The woman was sick when she went to the festival in Holly, Michigan on Sept. 1, and possibly infected any workers or visitors. The Oakland County Health Division says that anyone who was at the festival on Sept. 1 or 2 and is unvaccinated should go to their two special hepatitis A clinics on Friday and Saturday.
“Vaccination can prevent the disease if given within 14 days after potential exposure,” Leigh-Anne Stafford, a health officer for the state, said in a statement. “If you have attended the Michigan Renaissance Festival during these dates and have not been vaccinated for hepatitis A or have a sudden onset of any symptoms, contact your doctor.”
Michigan is currently in the midst of a statewide hepatitis A outbreak that has persisted for the last two years. The outbreak began in Aug. 2016, and since then, there have been 886 cases of the disease and 28 deaths.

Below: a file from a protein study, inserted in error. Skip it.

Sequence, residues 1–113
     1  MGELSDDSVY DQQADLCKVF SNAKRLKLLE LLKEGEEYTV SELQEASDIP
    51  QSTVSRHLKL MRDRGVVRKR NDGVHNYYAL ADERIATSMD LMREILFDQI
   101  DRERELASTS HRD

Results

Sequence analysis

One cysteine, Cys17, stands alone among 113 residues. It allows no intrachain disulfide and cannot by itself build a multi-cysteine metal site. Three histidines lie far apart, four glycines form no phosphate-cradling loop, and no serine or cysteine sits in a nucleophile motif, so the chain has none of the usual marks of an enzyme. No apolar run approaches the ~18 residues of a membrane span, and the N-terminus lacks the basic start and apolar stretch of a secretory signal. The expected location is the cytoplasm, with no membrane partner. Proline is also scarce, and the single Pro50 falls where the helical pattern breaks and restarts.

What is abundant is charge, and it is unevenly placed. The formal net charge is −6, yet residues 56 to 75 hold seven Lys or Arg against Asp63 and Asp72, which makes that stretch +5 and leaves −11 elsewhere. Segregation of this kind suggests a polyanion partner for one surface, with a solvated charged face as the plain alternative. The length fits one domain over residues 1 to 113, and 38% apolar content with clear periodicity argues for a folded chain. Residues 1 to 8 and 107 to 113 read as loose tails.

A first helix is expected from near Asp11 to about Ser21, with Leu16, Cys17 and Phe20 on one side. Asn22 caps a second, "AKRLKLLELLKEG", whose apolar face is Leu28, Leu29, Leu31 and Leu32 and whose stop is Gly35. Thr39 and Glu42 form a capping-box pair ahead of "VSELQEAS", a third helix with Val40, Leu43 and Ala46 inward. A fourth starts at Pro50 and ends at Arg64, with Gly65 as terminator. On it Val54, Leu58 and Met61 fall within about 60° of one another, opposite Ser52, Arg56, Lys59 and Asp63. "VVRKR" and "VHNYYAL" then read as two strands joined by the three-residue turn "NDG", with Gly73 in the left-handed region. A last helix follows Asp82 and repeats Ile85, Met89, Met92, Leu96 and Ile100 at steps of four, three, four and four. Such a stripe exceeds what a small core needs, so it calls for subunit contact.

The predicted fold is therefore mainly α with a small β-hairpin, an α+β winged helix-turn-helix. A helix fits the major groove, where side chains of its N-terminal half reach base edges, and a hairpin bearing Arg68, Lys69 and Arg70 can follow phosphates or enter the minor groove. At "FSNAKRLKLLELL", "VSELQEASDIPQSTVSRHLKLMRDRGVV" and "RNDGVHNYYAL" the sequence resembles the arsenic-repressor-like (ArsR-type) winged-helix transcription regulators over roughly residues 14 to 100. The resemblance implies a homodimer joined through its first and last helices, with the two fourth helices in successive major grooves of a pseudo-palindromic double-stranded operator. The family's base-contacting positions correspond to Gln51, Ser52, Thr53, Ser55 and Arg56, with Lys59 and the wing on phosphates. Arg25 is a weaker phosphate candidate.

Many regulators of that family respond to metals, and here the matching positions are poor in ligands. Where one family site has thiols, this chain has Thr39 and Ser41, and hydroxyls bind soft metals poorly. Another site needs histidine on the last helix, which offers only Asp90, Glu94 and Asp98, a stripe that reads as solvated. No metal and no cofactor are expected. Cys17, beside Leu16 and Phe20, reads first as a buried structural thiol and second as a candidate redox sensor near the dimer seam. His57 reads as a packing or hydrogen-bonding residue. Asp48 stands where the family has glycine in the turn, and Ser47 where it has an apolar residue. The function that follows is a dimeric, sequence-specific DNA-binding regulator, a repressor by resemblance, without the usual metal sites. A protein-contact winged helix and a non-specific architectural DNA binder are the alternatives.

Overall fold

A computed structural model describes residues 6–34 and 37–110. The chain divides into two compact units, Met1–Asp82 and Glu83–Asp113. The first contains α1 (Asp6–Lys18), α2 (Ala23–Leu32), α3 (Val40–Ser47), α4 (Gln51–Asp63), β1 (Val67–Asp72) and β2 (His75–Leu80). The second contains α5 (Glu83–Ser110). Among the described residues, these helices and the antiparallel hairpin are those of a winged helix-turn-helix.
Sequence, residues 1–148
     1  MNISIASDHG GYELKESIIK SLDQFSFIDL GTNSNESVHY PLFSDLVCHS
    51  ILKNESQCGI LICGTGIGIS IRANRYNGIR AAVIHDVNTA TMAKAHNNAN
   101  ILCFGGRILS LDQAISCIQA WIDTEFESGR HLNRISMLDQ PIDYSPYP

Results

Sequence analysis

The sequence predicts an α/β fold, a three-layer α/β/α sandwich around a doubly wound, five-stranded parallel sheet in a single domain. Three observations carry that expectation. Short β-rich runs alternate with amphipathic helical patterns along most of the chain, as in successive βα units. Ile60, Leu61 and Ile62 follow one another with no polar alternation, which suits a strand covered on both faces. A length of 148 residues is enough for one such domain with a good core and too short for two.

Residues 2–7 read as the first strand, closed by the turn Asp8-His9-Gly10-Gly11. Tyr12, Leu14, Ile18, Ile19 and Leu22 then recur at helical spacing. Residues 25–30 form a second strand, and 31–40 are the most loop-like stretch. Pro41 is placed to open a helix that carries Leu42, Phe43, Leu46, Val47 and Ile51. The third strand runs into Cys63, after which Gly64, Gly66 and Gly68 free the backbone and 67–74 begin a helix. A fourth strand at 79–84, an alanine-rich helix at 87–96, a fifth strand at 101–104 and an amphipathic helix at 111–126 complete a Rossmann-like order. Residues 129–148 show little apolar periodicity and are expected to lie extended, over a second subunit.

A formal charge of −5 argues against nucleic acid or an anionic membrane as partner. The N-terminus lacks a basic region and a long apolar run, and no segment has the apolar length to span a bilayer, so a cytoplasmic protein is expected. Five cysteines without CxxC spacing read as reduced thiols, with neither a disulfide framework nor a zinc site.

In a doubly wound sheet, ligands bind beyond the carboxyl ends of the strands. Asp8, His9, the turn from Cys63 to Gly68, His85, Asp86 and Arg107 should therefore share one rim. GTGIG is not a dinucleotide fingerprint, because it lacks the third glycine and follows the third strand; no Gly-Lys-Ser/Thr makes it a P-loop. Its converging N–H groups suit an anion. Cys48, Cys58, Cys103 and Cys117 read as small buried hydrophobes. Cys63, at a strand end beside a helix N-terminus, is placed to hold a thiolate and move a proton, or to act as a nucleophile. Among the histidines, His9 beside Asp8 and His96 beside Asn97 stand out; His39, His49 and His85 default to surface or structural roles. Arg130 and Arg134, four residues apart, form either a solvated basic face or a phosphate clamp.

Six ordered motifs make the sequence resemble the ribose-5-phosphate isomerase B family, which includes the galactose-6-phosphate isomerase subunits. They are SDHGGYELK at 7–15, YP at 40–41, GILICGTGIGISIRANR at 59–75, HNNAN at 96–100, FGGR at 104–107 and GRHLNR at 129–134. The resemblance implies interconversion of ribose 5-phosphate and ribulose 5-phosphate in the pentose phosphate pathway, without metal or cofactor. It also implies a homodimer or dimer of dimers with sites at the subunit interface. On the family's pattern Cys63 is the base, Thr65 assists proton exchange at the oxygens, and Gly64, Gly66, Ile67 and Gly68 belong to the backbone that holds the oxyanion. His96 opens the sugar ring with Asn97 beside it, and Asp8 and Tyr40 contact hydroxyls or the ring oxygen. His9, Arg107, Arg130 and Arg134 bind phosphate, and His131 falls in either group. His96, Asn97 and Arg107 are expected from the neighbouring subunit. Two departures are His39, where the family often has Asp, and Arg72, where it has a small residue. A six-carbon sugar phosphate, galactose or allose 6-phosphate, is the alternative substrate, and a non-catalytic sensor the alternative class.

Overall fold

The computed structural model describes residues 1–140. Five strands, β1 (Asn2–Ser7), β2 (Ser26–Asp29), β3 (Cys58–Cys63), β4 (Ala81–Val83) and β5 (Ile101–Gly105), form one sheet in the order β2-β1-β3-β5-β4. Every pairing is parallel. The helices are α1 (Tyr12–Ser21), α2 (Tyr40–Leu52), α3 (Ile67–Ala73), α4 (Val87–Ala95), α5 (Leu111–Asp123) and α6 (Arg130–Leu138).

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Hepatitis A is a highly contagious liver infection that typically spreads between food, drinks and other objects. People who are infected develop flu-like symptoms including fever, nausea, abdominal pain, darkened urine and more. The symptoms typically do not appear for at least two weeks.
The illness lasts for several weeks, but patients typically make a full recovery. In rare cases, hepatitis A can lead to deaths in people over age 50.
“Vaccination, good hygiene, and proper sanitation of surfaces can prevent the spread of hepatitis A,” Stafford said.